Places as meeting points

Based on this brief introduction to styles, trends, and bands and artists in the Greenland music scene, it should be evident that this cultural field, borrowing the words of anthropologist Anna Tsing, is “shaped and transformed in long histories of regional-to-global networks of power, trade, and meaning” (Tsing 2005: 3). Tsing has labelled this interaction ‘friction’ and defines it as “the awkward, unequal, unstable, and creative qualities of interconnection across difference” (Tsing 2005: 4). This friction is a productive aspect of globalization and I argue that it has played a decisive role in the production of music culture in Greenland for centuries. Drum dance and song are the only musical forms that are not intelligibly affected by music cultures from south of the Inuit regions, but this does not mean that the style has not been produced by friction. Only drum dance and song stretch back so far in history that we cannot determine how this cultural form came into being.

Kalattuut and choir singing are a different story. We can pinpoint to the moments in history when trans-local meetings created the basis for these styles in Greenland, but how these styles evolved in locally-distinct ways is more difficult to account for, and this emphasizes the “unexpected and unstable aspects of global interaction” (Tsing 2005: 3). What is however key to how these styles are perceived is that they have been appropriated as local and national culture in Greenland, and thereby given a very strong symbolic value as distinct Greenlandic cultural forms. They have become part of the repertoire that identifies Greenland as a distinct place to many people.

Popular music in Greenland is the result of cultural interconnectedness as well. Performing popular music became increasingly popular simultaneous to the modernization or Danification of Greenland in the 1960s. But since the very first locally-produced recordings of popular music, there were clear evidence that place affected the productions of popular music, despite the import of globally-distributed instruments and musical forms. However, as the examples of Angu and Julie Berthelsen show, we must stay attentive to the fact that producers of music can choose to perform a sense of place in their productions, but need not necessarily do so. As ethnomusicologist Philip V. Bohlman has observed, music is both autonomous and evocative of the identity of place (Bohlman 2011: 208).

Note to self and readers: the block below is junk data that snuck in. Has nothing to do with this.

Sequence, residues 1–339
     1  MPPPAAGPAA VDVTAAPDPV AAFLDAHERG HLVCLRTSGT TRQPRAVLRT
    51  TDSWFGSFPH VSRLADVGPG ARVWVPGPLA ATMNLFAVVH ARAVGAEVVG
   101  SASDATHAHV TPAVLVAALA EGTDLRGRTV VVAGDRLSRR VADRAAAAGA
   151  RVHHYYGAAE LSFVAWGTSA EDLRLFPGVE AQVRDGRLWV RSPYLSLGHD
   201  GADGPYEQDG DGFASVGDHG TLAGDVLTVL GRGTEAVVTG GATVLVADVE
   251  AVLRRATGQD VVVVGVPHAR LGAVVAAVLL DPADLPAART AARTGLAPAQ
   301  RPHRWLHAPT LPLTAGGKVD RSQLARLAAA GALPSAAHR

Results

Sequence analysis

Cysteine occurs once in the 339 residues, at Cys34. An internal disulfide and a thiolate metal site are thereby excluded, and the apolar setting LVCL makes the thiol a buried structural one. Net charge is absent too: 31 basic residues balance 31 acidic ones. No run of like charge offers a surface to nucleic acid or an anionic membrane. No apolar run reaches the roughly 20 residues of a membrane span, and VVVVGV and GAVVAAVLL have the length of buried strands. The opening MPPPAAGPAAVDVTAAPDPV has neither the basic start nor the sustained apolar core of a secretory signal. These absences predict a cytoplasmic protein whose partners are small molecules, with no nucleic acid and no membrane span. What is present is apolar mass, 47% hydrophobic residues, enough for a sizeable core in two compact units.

Traditions have been invented, changed and forgotten throughout history (cf. Hobsbawm 1983: 1), and though we may suspect that this process is accelerating as a result of technological developments, we must also acknowledge that authenticity is a construction, not an essence. No culture has ever remained isolated from influence (Connell and Gibson 2003: 27-8). But because authenticity can be constructed, even when engaging with globally-distributed popular musical forms, both producers and consumers seem to often want bands and artists to perform identities that are based on place, and that can construct some notion of authenticity. However, this sometimes means that popular music is deeply engaged in arenas of conflict. In the case of Greenlandic music, I have come across questions about what gives local music Greenlandic identity. Is it the identity of the artist, the language used in the lyrics, or the sound of the frame drum that adds identity to the music? These are not questions that concern everyone, but they sometimes result in voiced judgments of who ‘gets’ to identify as a Greenlander and who does not, who stays ‘true’ to their country and who betrays it (Interview with Mik S. Christensen, 20 September 2009; Interview with participants at GiT, 1 August 2012). These debates adhere to more general discourses on place and identity. In Greenland, these discourses have resulted in a division between different places, identities and historical times into hierarchies according to their degree of ‘Greenlandicness’ (Bjørst 2008: 23-4; Sørensen et al. 2003: 25; Rygaard 2010: 232). But perhaps such (sometimes incursive) debates could be avoided by changing the very way we conceptualize place, in music and in general. If we choose to view place in popular music from Greenland as a representation of intersections between places and histories, we can perhaps avoid making popular music (and perhaps even identities of places in general) an arena for conflict, while acknowledging that a piece of music can represent a unique sense of place in the form of a unique meeting place.